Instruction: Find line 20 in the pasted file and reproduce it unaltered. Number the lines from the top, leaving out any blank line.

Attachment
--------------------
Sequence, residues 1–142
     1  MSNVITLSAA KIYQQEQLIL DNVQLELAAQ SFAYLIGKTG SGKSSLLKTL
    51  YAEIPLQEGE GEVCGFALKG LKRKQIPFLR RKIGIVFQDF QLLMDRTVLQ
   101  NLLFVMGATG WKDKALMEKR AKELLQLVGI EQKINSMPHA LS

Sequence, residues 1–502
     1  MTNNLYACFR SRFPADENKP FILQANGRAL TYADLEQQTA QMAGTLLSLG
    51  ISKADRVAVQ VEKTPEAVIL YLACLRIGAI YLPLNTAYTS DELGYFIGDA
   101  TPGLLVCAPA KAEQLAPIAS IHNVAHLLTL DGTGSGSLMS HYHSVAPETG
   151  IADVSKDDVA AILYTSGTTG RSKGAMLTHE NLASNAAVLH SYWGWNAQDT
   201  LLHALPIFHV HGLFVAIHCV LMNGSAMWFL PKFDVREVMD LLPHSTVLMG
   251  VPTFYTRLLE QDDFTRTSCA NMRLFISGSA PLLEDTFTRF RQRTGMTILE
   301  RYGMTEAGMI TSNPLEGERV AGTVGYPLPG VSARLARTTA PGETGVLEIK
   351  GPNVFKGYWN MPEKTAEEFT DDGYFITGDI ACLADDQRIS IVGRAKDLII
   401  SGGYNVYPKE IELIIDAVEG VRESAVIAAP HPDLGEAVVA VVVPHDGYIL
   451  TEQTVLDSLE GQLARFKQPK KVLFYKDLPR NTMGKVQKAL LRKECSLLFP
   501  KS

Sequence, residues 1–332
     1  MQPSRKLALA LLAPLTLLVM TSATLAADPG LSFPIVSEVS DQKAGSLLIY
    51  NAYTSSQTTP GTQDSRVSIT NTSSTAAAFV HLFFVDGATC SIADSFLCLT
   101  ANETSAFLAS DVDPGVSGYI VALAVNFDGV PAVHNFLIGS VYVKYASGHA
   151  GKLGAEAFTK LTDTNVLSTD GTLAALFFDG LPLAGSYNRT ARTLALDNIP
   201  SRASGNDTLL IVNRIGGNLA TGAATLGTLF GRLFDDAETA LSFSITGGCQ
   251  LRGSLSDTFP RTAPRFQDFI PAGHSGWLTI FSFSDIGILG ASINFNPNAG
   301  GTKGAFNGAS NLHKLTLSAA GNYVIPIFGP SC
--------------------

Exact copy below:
   101  ANETSAFLAS DVDPGVSGYI VALAVNFDGV PAVHNFLIGS VYVKYASGHA